Canadian-Israeli billionaire Sylvan Adams, a cycling enthusiast who helped build the Middle East’s first indoor velodrome cycling racetrack in Tel Aviv and brought the Giro d’Italia to Israel this summer, is contributing $5 million to Israeli startup SpaceIL which is set to launch Israel’s first spacecraft to the moon early next year.
SpaceIL said Monday that Adams would be joining the unique initiative, which, if successful, will see Israel become the fourth country — after the US, Russia, and China — to complete a controlled lunar landing.
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The initiative, according to SpaceIL, is also meant to increase interest in space and science among Israeli, particularly in younger generations, and encourage them to study in STEM (science, technology, engineering, and mathematics) fields.
“I believe that sending the first Israeli spacecraft to the moon will inspire Israeli school children to take up STEM [science, technology, engineering and mathematics] studies and think about space exploration, and especially to believe that everything is possible,” Adams said at a recent tour of the Israel Aerospace Industries’ (IAI) facility in the city of Yehud, where the spacecraft is being assembled. SpaceIL’s President Morris Kahn, SpaceIL CEO Dr. Ido Anteby, and other senior IAI officials were also part of the event.
Adams, who is celebrating his 60th birthday, said at the event that “this contribution to strengthening the Israeli space program, and encouraging education for excellence and innovation among the younger generation in Israel, is the best gift I could have asked for.”
“I want to thank Sylvan Adams for his generous contribution to our effort,” Kahn said, according to a statement. “He joins an amazing group of donors with a common vision: to land the first Israeli spacecraft on the moon. We are in the final stretch, and I believe that his joining will help us raise the remaining money to complete our ambitious mission.”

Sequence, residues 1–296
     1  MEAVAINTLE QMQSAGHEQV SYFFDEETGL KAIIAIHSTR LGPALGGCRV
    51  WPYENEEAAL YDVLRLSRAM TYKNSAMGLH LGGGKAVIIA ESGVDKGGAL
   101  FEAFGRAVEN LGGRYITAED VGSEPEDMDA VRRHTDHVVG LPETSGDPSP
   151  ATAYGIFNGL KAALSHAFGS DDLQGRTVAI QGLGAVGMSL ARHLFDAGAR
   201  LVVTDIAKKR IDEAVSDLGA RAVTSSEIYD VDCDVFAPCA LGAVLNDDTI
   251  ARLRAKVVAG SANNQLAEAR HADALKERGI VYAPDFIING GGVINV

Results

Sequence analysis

Last month, Israel’s Space Agency (ISA) and the Israeli Ministry of Science and Technology said they would provide NIS 7.25 million (almost $2 million) in funding for the project.
Also in October, Israel signed an agreement with NASA to fit advanced space tech on the Israeli spacecraft.
The project began as an effort by SpaceIL to take part in the Google Lunar X competition which came with a prize of $20 million. The March 2028 deadline came and went and the prize went unclaimed, but the startup vowed to maintain its efforts to put Israel on the moon.
Israel had been competing against four other teams: Moon Express (USA), Synergy Moon (an international collaboration of 15 countries), TeamIndus (India) and HAKUTO (Japan) in the contest, which had involved placing a spacecraft on the moon’s surface, traveling 500 meters on the moon, and transmitting high-definition video and images back to Earth. The winner would have won $20 million and the second-place team would have nabbed $5 million.
Founded in 2010 by engineers Yariv Bash, Kfir Damari and Yonatan Weintraub, SpaceIL entered the race in 2012.